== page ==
Since many of the attendees were from smaller companies, I stressed that any business – big or small – could benefit from implementing some form of social media strategy into their organization. An example I used to help make my point was to compare Starbucks with the Crème Brulee cart in San Francisco. Both businesses are using Twitter and seeing great results to drive business to their location, but one is a multi-national chain and the other is a small food cart roaming around San Francisco. They couldn’t be more different, yet they are using the same tools to connect and engage with their loyal fans.

If you don’t think you need help managing your social media efforts, you might want to take a closer look at the time investment required to ensure it’s done well. Sure, some of you may be able to manage it all while also running your business, but to do it right, it needs to be more than an afterthought – and most executives just don’t have the bandwidth to focus on doing both jobs effectively at the same time.

You also aren’t likely to have the time to “be everywhere” – listening, engaging, responding – but a dedicated social media professional can do this for you. Consistency is crucial to ensure results. A dedicated focus on social media efforts = a quicker time to value.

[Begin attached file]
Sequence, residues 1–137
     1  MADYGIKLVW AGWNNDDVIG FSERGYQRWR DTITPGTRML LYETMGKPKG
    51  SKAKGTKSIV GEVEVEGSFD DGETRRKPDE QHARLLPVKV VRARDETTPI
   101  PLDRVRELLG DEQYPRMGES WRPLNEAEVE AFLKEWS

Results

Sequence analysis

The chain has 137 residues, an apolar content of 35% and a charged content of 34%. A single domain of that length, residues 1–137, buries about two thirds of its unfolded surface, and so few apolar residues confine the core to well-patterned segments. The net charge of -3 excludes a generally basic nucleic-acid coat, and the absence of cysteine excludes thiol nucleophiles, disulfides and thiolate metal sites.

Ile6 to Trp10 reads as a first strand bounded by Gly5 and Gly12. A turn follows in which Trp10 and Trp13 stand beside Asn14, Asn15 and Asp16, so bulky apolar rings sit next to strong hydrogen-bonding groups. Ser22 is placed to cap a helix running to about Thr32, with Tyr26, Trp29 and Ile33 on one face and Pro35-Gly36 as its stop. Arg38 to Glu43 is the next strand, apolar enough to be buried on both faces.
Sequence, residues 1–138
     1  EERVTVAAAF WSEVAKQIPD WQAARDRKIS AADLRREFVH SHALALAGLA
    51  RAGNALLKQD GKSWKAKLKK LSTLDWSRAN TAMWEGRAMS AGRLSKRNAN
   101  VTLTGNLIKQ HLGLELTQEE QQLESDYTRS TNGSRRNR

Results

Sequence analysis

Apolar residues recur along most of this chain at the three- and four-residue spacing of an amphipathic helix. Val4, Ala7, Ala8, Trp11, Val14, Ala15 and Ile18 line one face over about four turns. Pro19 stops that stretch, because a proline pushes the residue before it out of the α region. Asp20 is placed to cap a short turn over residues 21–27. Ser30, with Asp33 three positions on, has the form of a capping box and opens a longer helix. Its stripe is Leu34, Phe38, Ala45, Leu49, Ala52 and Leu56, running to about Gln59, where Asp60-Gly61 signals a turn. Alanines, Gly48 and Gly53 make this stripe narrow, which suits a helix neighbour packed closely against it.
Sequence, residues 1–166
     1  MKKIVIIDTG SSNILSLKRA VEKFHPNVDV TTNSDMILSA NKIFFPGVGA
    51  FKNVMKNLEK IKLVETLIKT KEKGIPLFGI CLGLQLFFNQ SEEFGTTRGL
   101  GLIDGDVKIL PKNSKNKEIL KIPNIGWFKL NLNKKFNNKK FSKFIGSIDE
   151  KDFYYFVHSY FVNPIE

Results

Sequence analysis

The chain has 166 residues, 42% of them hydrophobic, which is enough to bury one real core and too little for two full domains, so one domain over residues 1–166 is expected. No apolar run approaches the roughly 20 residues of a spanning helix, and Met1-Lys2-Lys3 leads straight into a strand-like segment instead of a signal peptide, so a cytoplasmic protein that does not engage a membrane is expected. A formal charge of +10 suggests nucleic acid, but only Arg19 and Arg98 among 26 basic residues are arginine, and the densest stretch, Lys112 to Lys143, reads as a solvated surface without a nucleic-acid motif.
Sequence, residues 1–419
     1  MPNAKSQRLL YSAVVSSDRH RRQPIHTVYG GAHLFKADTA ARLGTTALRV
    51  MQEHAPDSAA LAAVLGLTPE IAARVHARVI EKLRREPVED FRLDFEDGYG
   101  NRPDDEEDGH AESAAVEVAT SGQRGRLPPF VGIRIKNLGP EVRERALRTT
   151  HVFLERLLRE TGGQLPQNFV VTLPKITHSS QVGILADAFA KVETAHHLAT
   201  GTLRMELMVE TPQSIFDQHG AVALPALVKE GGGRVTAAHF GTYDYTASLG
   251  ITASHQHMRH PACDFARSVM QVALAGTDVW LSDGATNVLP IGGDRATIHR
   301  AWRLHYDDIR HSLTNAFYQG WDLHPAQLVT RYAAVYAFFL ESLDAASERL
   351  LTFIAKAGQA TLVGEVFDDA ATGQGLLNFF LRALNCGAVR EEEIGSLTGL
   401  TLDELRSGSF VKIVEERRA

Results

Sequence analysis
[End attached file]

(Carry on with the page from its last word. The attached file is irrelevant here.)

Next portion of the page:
You also don’t want to have a “Nelson” moment by not paying attention to your brand online. Some examples I used during the Chamber Breakfast included Domino’s Pizza and United Airlines to show the difference between a brand listening and responding immediately (Domino’s) and another that chose to ignore for more than a year (United).

So, what should you look for in a social media professional? We asked David Meerman Scott this question while attending SXSW Interactive earlier this year. You can check out the video here, but I summed it up with this intricate graphic I call “The Anatomy of a Social Media Professional.”

As David also pointed out in his interview with us, when you are seeking help with your social media efforts, it’s important that you do your homework and make sure whoever you hire has the qualifications needed to get the job done. If they aren’t out there practicing what they preach, or if they can’t point to any ROI as a result of their efforts, than you might want to keep searching.

What do you think? Do you think a dedicated social media professional is necessary in business? What qualities do you think a social media professional should have – did we miss anything in our anatomy slide? We would love to get your thoughts in the comment section below.

Scott Porad at SXSWi 2009

While asking random people at SXSW what two words described their experience at the conference, I ran into Scott Porad, Cheezburger Technology Officer for I Can Has Cheezburger – a website well known for its cat pictures with hilarious captions that has been going strong since January 2007. I just had to speak with Scott about the site that is currently attracting five million page views a day and closing in on hitting two billion (BILLION) page views this year. See what Scott has to say about I Can Has Cheezburger.